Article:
Notes and Changes

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In this conversational event, Alejandra Ancheita, Namatai Kwekweza and Wolfgang Kaleck will discuss the changing context of their activism and efforts to bring power back to the centre of reflection about human rights.      

Global structures of power are rapidly changing – with shifting geopolitics, the rise of megacities, the emergence of global elites that cross boundaries of global North and South, and more. As structures of power become more sophisticated, human rights activists often end up in reactive mode, rather than reflecting on these changes and on how to reorganise their strategies.     

Together, three experienced activists will reflect together on their analysis of changing power dynamics and their multiple layers, and what this means for strategies for advancing human rights. 

What different roles can organisations and individuals in different places play in the context of shifting structures of power? How can we build equitable collaborations across North and South, and between activists with more and less power in local contexts? What might be the implications of a call for human rights work to be more explicitly political? And how can activists and their families be safe and supported as they pursue new strategies to defend human rights?  

Namatai Kwekweza
Namatai Kwekweza is 22 years old with 5 years of experience in community organizing, social entrepreneurship and human rights advocacy, mainly focusing on youth and women's rights. She is a disruptive thought leader and consultant who currently serves as the Executive Director of WELEAD Trust, an organization that she founded at age 18 in 2017, which is focused on youth leadership development and advocacy. Namatai is an awardee of the WalkAbout Prize, a Fellow at the School of International Futures, a Rotarian and an award winning professional public speaker under Toastmasters International in Southern Africa. She holds an Executive Certificate in Diplomacy, Protocol, Etiquette and Professional Branding as well as a Diploma in Contemporary Diplomacy and International Relations from the Zimbabwe Institute of Diplomacy. Namatai is currently studying a Bachelor of Laws Degree at The University of South Africa and aspires to be a constitutional and international human rights lawyer. She also hopes to advance herself in the fields of war studies, strategy and politics. Namatai is a futurist and foresight practitioner who is passionate about advancing human potential, human empathy, chaos theory, game theory, complex problem solving, design thinking, systems thinking and leadership development in Africa.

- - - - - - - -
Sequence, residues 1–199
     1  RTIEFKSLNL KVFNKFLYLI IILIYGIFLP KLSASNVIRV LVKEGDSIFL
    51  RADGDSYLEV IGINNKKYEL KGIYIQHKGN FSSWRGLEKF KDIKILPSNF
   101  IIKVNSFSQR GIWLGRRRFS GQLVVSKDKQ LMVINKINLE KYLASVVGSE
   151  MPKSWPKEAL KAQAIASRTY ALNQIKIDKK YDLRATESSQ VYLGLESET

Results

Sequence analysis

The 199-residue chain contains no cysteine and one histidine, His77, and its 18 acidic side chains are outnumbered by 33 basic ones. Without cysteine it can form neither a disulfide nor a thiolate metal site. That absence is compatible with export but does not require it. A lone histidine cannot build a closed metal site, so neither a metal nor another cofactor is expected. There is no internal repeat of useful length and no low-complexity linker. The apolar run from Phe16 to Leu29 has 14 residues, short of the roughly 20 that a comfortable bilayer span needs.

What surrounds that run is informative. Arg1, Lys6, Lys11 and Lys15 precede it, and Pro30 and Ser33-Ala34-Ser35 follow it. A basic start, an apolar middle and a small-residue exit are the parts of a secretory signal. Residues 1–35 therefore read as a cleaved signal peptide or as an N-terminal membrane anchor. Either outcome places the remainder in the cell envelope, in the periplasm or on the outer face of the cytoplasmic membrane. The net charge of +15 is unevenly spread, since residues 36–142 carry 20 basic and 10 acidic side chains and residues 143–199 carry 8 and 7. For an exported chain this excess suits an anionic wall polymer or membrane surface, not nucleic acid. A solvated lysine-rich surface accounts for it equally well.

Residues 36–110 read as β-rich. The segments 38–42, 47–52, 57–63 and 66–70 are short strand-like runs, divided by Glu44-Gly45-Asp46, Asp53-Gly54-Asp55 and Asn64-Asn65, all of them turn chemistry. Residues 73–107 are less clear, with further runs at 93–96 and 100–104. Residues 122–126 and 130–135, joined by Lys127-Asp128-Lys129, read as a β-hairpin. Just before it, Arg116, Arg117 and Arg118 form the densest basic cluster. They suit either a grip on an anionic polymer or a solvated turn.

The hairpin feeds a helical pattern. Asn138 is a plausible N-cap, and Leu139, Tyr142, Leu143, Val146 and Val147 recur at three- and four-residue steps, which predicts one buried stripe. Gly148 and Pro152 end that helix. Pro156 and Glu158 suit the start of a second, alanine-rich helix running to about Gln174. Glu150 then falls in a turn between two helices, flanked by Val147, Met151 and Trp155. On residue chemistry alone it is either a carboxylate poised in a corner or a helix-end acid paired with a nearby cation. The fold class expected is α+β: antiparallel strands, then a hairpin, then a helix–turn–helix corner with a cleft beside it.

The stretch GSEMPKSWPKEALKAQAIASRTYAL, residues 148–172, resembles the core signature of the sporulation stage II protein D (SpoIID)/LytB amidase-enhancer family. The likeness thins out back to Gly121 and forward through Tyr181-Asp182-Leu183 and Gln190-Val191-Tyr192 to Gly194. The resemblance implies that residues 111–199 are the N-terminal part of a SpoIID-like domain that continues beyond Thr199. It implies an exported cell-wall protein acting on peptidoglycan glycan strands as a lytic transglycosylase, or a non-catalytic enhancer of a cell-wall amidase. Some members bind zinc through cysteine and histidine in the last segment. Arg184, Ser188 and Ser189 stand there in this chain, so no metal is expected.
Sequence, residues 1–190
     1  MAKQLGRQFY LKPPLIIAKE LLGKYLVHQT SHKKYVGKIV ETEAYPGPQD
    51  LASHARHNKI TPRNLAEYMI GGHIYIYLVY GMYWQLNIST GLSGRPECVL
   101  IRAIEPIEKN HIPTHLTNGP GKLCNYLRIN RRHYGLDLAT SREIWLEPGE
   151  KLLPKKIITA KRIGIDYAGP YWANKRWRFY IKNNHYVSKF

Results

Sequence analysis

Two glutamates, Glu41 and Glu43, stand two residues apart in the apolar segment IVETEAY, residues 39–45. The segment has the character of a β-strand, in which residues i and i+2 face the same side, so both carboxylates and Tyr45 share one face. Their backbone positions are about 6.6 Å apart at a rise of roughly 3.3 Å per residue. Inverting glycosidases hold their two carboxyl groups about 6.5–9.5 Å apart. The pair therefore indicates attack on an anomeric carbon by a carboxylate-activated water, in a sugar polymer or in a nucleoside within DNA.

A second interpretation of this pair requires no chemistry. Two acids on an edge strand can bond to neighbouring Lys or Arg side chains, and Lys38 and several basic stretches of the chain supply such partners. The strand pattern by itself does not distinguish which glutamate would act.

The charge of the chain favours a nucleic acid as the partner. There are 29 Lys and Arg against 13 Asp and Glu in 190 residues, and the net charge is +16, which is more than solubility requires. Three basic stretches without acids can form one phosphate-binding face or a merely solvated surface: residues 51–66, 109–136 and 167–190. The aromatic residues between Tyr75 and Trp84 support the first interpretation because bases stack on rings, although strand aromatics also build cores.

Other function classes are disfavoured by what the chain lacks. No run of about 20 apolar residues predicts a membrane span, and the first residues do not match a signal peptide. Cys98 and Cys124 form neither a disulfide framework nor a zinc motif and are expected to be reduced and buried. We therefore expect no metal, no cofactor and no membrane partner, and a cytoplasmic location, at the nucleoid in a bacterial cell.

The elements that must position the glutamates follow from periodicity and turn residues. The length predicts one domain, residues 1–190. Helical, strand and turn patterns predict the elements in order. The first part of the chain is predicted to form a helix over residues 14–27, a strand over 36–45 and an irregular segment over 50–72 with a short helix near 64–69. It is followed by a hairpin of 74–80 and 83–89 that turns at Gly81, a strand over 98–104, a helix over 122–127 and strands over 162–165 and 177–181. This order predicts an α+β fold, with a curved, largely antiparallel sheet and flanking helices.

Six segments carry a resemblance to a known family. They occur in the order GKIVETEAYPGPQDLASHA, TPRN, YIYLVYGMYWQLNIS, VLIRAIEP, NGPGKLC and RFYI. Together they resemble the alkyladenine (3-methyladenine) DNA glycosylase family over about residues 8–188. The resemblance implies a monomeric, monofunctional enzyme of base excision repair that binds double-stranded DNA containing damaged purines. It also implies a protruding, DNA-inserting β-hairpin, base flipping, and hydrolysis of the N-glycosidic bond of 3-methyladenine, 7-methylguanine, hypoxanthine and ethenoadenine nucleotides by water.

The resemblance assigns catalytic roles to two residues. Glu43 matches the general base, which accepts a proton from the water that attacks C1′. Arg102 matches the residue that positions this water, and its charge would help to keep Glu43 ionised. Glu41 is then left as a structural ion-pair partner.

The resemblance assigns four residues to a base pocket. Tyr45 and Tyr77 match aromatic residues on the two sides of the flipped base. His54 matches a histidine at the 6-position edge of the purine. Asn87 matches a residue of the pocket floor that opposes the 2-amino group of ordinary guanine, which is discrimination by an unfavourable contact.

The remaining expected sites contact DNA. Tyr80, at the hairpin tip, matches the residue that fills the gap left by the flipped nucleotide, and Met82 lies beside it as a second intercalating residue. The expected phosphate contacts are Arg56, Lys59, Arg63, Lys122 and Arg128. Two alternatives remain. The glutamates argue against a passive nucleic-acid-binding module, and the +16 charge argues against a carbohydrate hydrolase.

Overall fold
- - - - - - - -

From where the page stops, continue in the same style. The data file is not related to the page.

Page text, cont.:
Wolfgang Kaleck
Wolfgang Kaleck founded the European Center for Constitutional and Human Rights in Berlin in 2007 and has served as its general secretary and legal director since then. Kaleck previously worked as a criminal law attorney in a law firm, which he co-founded in 1991. Since 1998, he has been involved in the Koalition gegen Straflosigkeit (Coalition against Impunity), which fights to hold Argentinian military officials accountable for the murder and disappearance of German citizens during the Argentine dictatorship. Between 2004 and 2008, he worked with the New York-based Center for Constitutional Rights to pursue criminal proceedings against members of the US military, including former Secretary of Defense Donald Rumsfeld. For his work as lawyer and founder of ECCHR, Kaleck has been honored with multiple awards. He is author of several books, incl. Law versus Power (2019), Die konkrete Utopie der Menschenrechte (2021). 

Alejandra Ancheita
Alejandra Ancheita, founder and Executive Director of the Mexico City-based NGO ProDESC (The Economic, Social and Cultural Rights Project), is a Mexican lawyer and activist, leader of the human rights movement for migrants, workers, and indigenous communities of her native country. Since founding ProDESC in 2005, Alejandra Ancheita and her dedicated team have run strategic campaigns aimed at protecting the economic, social, and cultural rights of Mexico’s most marginalised people. ProDESC’s work is guided by her innovative vision of an integrated approach, which combines community education and organising, corporate research, human rights litigation, and policy advocacy; thereby bringing about real structural change. Among her most notable accomplishments at ProDESC, she achieved unprecedented results to establish accountability mechanisms for transnational corporations in Mexico.  

Alejandra is one of the leading Latin American voices in the human rights movement. She has spoken in various international forums, such as the UN Forum on Business and Human Rights, the Women’s Forum for the Economy and Society and the OECD Annual Meeting of National Contact Points, as well as arguing cases before the Inter-American Commission of Human Rights and national courts.  

Alejandra is the 2014 Laureate of the Martin Ennals Award for Human Rights Defenders, the highest acknowledgement from the international human rights community. The same year, she also received the Omecíhuatl medal from the Women’s Institute in Mexico City in recognition of her important contributions to women human rights. In 2015, the Mexican Senate acknowledged Alejandra's prominent work in defense of workers, migrants, indigenous and agrarian communities. More recently, in 2019, she was awarded a Doctorate Honoris Causa from the Université Paris Nanterre, becoming the first Mexican woman to be honoured with this distinction.